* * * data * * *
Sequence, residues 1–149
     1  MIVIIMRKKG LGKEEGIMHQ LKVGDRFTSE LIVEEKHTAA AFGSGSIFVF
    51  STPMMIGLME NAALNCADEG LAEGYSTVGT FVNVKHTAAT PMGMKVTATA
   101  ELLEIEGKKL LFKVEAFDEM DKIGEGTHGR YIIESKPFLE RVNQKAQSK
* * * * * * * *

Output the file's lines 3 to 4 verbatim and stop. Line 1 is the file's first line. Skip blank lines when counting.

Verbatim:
    51  STPMMIGLME NAALNCADEG LAEGYSTVGT FVNVKHTAAT PMGMKVTATA
   101  ELLEIEGKKL LFKVEAFDEM DKIGEGTHGR YIIESKPFLE RVNQKAQSK